360, that’s the average number of weeks a women will spend on her period in her lifetime. If you were to do that time consecutively that’s nearly 7 years. Nearly 7 years of our lives on our period. As if it wasn’t bad enough that we have to deal with the fluctuation in hormones, the change in our bodies, and the inconvenience of actually bleeding consistently for up to seven days, but we have to pay for the privilege! To continue with our day to day lives and being general badasses we have to use tampons, sanitary towels, menstrual cups etc. Not only do we have to pay for these things, we have to pay tax on them too since they’re not considered a necessity. I’d put my life on it that it wasn’t a woman that made that rule!

Some states have been working to change this, but most still have to pay. My fellow family and friends in the UK still have to pay this premium too, even though it is a reduced rate of 5%. The good news is though, we are living in an age where change is absolutely possible! In 2015 Canada removed tax on feminine hygiene products after an online petition received more than 10,000 signatures, this sparked arguments around the world and India also scrapped their 12% tax on sanitary napkins in 2018, along with Australia who finally won an 18 year campaign to get rid of the 10% tax on feminine products.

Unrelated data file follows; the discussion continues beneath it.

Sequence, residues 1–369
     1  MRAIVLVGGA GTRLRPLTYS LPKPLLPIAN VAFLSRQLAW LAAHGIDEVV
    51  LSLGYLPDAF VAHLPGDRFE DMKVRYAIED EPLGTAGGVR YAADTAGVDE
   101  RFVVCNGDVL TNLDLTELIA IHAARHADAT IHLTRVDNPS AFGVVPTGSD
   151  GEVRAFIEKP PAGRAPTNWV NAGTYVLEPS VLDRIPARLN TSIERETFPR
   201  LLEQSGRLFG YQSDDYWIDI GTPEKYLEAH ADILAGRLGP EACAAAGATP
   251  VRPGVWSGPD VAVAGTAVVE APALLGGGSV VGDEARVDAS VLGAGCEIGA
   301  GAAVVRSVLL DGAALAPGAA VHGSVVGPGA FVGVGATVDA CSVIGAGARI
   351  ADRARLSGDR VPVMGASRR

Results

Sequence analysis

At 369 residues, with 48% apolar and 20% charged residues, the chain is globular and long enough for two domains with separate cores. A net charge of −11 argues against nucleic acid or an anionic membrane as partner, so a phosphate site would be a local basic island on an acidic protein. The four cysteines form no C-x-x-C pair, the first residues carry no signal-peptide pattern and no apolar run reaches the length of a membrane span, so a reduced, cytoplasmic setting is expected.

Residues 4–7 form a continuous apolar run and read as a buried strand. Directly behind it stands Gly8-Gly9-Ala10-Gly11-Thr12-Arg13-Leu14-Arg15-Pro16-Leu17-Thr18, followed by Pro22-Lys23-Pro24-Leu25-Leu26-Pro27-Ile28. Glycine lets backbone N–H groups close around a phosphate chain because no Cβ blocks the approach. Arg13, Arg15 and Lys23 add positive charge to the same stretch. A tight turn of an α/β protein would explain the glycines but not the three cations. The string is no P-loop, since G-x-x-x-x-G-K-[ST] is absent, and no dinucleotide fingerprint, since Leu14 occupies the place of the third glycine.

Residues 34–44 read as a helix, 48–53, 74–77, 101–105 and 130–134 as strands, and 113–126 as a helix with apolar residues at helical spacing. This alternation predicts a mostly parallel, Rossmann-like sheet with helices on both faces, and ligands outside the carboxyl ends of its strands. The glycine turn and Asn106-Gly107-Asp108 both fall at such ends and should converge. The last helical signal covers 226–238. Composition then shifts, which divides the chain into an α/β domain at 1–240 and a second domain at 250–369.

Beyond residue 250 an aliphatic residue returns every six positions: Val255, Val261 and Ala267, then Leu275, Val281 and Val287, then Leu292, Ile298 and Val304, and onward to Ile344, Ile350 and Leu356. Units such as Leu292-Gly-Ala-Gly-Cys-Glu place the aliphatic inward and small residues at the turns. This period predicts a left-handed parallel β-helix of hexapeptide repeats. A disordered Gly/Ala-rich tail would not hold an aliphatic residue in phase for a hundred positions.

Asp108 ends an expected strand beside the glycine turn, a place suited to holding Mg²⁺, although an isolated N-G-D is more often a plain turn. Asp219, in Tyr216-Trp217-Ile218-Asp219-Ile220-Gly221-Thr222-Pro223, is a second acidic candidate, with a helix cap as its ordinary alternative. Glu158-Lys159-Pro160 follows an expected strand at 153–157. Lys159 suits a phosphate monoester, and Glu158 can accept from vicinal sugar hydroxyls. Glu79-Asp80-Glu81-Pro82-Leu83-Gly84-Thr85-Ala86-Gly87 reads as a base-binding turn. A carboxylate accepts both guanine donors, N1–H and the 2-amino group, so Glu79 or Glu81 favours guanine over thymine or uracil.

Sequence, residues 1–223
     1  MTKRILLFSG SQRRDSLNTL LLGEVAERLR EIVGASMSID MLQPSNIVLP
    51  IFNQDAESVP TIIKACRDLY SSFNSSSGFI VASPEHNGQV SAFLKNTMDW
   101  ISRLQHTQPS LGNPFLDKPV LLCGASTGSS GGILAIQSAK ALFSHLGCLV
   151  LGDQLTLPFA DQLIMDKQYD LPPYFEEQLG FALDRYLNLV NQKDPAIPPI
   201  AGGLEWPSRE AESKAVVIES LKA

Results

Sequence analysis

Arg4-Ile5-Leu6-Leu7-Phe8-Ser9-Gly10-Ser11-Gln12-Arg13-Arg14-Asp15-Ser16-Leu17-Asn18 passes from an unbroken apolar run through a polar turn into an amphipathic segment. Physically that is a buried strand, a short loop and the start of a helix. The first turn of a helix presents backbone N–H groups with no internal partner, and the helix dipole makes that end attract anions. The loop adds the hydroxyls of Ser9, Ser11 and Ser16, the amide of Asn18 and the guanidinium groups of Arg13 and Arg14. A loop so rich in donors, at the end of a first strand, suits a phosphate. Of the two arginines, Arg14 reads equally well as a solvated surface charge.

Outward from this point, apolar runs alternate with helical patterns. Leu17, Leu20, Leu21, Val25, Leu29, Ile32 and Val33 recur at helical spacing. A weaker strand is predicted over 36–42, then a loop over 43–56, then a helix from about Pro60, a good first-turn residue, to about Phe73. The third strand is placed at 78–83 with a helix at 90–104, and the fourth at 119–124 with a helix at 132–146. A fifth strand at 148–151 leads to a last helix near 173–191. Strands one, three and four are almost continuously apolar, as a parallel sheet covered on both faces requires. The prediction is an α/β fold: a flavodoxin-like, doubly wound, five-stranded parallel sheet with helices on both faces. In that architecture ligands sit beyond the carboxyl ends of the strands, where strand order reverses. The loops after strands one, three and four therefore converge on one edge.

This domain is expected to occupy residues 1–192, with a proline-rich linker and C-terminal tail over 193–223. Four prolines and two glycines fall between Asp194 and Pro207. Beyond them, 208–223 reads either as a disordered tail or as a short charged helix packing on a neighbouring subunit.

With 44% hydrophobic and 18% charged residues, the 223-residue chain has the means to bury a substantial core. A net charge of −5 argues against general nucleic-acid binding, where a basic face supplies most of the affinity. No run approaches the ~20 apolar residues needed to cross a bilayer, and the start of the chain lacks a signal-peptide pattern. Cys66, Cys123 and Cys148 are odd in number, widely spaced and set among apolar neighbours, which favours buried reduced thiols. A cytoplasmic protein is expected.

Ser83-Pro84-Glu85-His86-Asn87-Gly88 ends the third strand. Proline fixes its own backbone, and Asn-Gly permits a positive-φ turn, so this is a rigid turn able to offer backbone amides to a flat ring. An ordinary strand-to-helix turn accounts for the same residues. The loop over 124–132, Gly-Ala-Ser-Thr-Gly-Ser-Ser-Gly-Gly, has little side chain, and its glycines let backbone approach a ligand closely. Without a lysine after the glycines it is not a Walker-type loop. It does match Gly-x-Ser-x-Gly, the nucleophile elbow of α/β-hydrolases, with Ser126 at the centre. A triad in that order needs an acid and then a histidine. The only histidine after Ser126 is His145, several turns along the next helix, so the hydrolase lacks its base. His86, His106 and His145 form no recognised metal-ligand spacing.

Unfortunately, the tax that women have to pay, just for being women, doesn’t end there. There is such a thing as the Pink Tax. No I’m not kidding, or being dramatic. Studies have shown that the cost of being a woman literally is higher than that of a man. The New York City department of consumer affairs did a study which proved that girls toys and accessories were 7% more than boys, and clothing 4%. Women’s clothing came out 8% more than mens clothes, and personal care products, a whopping 13% more expensive for women! It doesn’t stop there, as seniors women can expect to pay 8% more for home health care and other related products than compared to men of the same age. The results showed that women’s products cost more than men’s 42% of the time!! And men’s products cost more that women’s only 18% of the time.